Bill Gates Re-Invents The City, But Is This Best For Families?

A futuristic metropolis is something we thought could only be seen in movies. I think of the film The Fifth Element, with the hovering cars, eccentric outfits, and computer interactive homes.

Turns out many progressive thinkers are working on making technology an intimate part of domestic life.

We aren’t talking only about the common use of smartphones and digital alarm systems, but using autonomous vehicles and artificial intelligence.

Fox News reported:

Arizona-based Belmont Partners, one of Gates’ investment firms, purchased close to 25,000 acres of land in Tonopah, around 50 miles west of Phoenix, to create a “smart city” called Belmont, KPNX reported.”

The large plot of land cost Gates a mere $80 million, which is a great deal for the multi-billionaire.

Belmont is a seemingly common name, but the city will be nothing short of revolutionary.

In a press release Belmont Partners explained the digital expectations for the city, according to KPNX:

Belmont will create a forward-thinking community with a communication and infrastructure spine that embraces cutting-edge technology, designed around high-speed digital networks, data centers, new manufacturing technologies and distribution models, autonomous vehicles and autonomous logistics hubs.”

The possibilities of this becoming a reality would be something interesting to witness. It is truly admirable how far the mind has been broadened to foresee such technological implications.

On the other hand, what are the practicalities of these “smart city” features playing out in our everyday lives?

Cutting edge technology as we see it already is minimizing quality time with individuals. There is the texting with your friends, video chatting with family, and doing a quick email to keep in touch.

With our noses in a device, we miss the interactions with others that are the make-up of our species. Human contact and connection are being taken for granted.

It was reported that Belmont would have “autonomous vehicles and autonomous logistic hubs.”

What this means is that the human factor is going to be eliminated. Logistic hubs that aren’t manned could mean you are being delivered packages by machines, having a robot make your latte, or getting a prescription refilled by an intricate system of 1’s and 0’s.

Fox News reported:

Ninety-five percent of traffic accident fatalities are the result of human error,” says Doug Marsden, former chief technology officer at Transportation Research Center Inc..the Smart City Challenge proposed implementing dedicated short-range communication (DSRC), which uses a special frequency that allows vehicles to communicate directly with one another..”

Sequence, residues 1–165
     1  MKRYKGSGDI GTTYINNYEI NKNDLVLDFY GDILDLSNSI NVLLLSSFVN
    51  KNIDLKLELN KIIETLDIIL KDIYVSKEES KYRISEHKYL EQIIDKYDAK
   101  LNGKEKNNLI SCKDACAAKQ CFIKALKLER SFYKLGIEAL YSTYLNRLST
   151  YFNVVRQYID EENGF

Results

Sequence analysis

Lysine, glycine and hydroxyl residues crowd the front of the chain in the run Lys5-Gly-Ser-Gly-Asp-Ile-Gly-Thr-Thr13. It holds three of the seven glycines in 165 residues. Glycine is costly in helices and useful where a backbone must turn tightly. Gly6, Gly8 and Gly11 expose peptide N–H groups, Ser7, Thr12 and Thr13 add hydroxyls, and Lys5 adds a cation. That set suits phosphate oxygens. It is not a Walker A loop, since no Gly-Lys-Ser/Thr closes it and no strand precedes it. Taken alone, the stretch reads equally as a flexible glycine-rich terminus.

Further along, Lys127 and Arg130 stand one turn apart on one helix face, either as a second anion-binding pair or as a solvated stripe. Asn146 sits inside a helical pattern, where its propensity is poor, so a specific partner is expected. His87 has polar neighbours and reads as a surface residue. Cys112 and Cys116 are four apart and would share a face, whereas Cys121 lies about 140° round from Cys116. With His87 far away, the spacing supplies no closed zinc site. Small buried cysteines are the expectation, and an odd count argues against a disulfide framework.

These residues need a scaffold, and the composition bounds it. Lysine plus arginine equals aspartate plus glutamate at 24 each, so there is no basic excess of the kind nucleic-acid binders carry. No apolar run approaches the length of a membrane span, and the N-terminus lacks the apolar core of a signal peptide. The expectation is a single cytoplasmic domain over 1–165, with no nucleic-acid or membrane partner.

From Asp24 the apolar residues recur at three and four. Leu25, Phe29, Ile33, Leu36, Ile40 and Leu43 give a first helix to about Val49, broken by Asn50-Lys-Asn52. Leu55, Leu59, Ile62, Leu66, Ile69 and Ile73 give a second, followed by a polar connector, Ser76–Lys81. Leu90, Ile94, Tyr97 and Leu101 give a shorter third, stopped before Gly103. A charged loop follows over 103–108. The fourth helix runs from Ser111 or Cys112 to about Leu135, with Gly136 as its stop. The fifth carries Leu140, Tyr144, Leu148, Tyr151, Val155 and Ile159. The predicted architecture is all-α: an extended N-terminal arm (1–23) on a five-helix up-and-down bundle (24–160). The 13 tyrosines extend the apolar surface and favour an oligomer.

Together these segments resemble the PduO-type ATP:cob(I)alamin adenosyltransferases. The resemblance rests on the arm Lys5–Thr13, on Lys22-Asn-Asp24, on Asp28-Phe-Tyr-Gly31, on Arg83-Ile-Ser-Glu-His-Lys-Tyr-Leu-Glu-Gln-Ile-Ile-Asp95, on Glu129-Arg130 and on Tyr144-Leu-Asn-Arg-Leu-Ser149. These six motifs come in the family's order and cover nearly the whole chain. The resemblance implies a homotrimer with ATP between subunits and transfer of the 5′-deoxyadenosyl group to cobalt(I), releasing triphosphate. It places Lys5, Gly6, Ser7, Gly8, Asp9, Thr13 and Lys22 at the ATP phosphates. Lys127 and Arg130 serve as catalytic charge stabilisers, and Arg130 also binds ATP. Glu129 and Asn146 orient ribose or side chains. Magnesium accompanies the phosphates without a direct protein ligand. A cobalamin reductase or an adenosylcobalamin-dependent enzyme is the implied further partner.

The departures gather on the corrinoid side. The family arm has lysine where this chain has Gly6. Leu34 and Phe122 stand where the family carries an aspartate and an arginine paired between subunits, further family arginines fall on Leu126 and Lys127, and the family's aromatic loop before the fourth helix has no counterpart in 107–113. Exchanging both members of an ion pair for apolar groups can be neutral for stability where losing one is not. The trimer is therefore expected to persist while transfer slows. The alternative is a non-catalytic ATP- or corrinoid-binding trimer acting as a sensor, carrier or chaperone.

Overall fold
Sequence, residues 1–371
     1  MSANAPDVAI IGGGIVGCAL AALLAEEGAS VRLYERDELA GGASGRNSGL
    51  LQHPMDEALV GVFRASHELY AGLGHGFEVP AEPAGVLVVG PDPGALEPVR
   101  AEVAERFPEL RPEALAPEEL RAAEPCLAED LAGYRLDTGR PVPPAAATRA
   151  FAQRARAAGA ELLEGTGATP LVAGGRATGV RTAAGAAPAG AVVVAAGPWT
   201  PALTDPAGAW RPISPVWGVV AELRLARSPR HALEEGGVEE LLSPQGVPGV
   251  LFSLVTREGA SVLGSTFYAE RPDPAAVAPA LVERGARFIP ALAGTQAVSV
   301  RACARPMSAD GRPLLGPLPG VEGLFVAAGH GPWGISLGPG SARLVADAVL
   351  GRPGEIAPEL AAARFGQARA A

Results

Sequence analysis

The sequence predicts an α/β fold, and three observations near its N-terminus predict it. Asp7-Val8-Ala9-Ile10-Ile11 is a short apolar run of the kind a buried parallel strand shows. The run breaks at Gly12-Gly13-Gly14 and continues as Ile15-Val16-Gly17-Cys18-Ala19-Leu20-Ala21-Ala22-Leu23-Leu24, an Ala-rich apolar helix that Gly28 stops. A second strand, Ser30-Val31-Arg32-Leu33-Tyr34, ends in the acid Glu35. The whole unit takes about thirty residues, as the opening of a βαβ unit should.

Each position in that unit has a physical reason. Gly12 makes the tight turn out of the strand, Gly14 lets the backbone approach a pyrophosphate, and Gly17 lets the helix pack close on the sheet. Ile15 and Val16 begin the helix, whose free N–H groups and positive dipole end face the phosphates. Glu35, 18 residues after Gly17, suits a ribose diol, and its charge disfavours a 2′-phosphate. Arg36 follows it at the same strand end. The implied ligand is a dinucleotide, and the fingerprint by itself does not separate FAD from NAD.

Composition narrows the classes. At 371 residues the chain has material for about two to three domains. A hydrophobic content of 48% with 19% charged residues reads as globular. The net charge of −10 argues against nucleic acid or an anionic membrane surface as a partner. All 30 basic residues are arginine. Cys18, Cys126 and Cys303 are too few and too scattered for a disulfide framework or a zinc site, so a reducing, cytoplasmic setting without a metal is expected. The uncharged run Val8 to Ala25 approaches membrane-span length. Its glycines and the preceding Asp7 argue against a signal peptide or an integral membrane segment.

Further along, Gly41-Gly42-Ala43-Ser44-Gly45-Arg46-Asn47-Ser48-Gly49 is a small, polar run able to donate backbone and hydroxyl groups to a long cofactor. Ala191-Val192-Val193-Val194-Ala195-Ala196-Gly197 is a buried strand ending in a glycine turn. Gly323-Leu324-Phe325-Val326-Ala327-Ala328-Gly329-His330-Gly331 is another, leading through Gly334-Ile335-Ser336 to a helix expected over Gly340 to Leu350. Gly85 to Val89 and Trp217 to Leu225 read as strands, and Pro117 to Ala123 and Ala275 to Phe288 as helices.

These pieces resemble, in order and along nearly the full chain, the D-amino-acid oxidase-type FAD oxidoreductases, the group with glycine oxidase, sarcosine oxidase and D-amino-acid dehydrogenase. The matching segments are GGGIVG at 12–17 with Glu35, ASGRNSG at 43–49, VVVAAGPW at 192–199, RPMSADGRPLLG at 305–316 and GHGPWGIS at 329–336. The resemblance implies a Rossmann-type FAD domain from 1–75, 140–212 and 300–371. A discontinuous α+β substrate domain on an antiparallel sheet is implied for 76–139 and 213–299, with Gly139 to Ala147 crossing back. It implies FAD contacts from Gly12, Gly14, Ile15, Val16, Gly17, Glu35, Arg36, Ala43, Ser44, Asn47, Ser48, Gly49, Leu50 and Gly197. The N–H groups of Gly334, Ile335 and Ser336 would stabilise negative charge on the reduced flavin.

So, the goal here is to eliminate human drivers. There is a flaw in this concept in that programs are limited to the data you put in them unless an artificial intelligence system is designed; which would pose a different conversation of concern.

Just recently, an autonomous shuttle crashed in Las Vegas only hours after it set off, according to Fox News.

There were many people in line to board the shuttle prior to the crash, where it collided into a semi-truck.

Navaya is the company that built the shuttle. It has another one that is fully operational on the University of Michigan campus.

Unfortunately, this is not the first time an autonomous vehicle has crashed. The statistics may be in favor of the futuristic ride for now, but only time will tell its true safety parameters.

The human mind is capable of abstract thinking, and planning with new data sets. This allows us to quickly process new data sets and plan for events that couldn’t be foreseen.

Fox News reported on the vast infrastructure Gates plans on making:

It’ll reportedly include space for 80,000 residential units, in addition to 470 acres for public schools and 3,800 acres designated for offices, commercial buildings and retail outlets.”

The transition from more rural life to city living can have a negative impact on your future.

The U.S. Census Bureau’s American Community Survey reported:

People who live in rural areas are more likely to own their own homes, live in their state of birth and have served in the military than their urban counterparts, according to the latest data from the U.S. Census Bureau’s American Community Survey.”

Is the aim to create a civilization where the machine gives us a higher quality of life or one in which the machine is our way of life?

A “smart city” has the potential to distinguish the intimacy between human beings, which would have us resembling the mechanisms we became so intertwined with.

Please let us know in the comments section if you see any issue with moving forward with a smart city, and why.


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